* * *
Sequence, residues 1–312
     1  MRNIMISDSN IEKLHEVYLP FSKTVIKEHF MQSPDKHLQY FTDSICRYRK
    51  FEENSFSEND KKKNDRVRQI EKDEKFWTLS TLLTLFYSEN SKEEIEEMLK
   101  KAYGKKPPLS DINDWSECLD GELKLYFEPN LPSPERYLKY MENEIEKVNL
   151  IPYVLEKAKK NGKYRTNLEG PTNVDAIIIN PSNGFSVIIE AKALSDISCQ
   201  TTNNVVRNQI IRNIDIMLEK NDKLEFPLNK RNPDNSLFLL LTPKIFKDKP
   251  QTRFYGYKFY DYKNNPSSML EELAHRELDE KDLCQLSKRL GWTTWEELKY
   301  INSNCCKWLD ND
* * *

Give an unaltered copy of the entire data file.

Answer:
Sequence, residues 1–312
     1  MRNIMISDSN IEKLHEVYLP FSKTVIKEHF MQSPDKHLQY FTDSICRYRK
    51  FEENSFSEND KKKNDRVRQI EKDEKFWTLS TLLTLFYSEN SKEEIEEMLK
   101  KAYGKKPPLS DINDWSECLD GELKLYFEPN LPSPERYLKY MENEIEKVNL
   151  IPYVLEKAKK NGKYRTNLEG PTNVDAIIIN PSNGFSVIIE AKALSDISCQ
   201  TTNNVVRNQI IRNIDIMLEK NDKLEFPLNK RNPDNSLFLL LTPKIFKDKP
   251  QTRFYGYKFY DYKNNPSSML EELAHRELDE KDLCQLSKRL GWTTWEELKY
   301  INSNCCKWLD ND